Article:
Captain hailed hero after saving bird stricken disabled Russian plane

- A Monitor Desk Report 17 Aug, 2019 | 1581 Views|-+
Dhaka: The captain of a Russian passenger jet was hailed as a hero on August 15 for landing his plane in a cornfield after it collided with a flock of gulls seconds after takeoff, causing both engines to malfunction. While dozens of people sought medical assistance, only one was hospitalised.

The event drew comparisons to the 2009 "Miracle on the Hudson," when a captain ditched his plane in New York's Hudson River after a bird strike disabled his engines.

The Ural Airlines A321 carrying 226 passengers and a crew of seven hit the birds as it was taking off on August 15 from Moscow's Zhukovsky airport en route for Simferopol, in Crimea.

Alexander Neradko, Chief of Russia's Rosaviatsiya State Aviation Agency said that the crew "made the only right decision" to land the fully loaded plane immediately after both of the plane's engines malfunctioned.

The airline said the captain, 41-year old Damir Yusupov, is a highly experienced pilot who has logged over 3,000 flight hours.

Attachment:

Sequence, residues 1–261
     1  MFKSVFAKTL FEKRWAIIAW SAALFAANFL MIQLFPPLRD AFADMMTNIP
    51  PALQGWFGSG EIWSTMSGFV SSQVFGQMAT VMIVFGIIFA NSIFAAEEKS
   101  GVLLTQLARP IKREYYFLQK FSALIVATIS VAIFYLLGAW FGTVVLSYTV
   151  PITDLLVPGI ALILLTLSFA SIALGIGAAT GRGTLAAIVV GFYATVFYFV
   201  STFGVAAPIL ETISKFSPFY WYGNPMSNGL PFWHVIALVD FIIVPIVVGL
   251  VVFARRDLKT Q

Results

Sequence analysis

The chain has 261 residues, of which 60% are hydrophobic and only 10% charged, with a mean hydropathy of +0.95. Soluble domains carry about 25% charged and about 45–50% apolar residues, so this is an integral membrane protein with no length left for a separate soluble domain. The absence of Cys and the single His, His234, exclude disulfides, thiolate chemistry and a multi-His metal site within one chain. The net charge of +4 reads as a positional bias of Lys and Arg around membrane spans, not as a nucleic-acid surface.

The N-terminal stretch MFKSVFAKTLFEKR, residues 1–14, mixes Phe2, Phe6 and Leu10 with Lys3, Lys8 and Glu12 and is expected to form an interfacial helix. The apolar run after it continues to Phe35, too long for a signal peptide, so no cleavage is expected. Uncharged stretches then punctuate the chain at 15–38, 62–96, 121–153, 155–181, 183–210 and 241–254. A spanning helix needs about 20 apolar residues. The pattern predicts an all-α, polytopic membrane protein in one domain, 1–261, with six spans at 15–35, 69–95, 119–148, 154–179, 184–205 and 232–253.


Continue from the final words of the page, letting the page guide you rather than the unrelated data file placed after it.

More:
Yusupov, a son of a helicopter pilot, worked as a lawyer before he changed course and joined a flight school when he was 32. A father of four, he has flown with the Ural Airlines since his graduation in 2013 and became the captain last year.

The crew received swift accolades. Russian President Vladimir Putin's spokesman, Dmitry Peskov, hailed the pilots as "heroes" and said they will receive state awards. And Prime Minister Dmitry Medvedev opened a session of Cabinet by praising the crew and asking the transport minister to explain what happened.

The Emergencies Ministry said that 55 people asked for medical assistance after the incident. The health authorities said 23 people, including five children, were taken to the hospital, but all but one was released following check-ups and quick treatment.

Plane engines are designed to withstand occasional bird strikes, but a collision with a flock of birds can result in serious trouble. Bird strikes on planes occur regularly around the world, and airports use bird distress signals, air cannons and other means to chase birds away — measures which aren't always efficient.

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